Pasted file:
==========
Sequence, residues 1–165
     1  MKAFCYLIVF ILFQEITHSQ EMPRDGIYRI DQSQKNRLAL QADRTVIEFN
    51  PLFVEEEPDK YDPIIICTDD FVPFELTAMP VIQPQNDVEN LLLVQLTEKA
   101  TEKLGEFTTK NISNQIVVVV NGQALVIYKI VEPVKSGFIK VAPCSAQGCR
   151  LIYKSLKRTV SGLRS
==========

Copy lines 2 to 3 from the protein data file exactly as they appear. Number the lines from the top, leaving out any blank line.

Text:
     1  MKAFCYLIVF ILFQEITHSQ EMPRDGIYRI DQSQKNRLAL QADRTVIEFN
    51  PLFVEEEPDK YDPIIICTDD FVPFELTAMP VIQPQNDVEN LLLVQLTEKA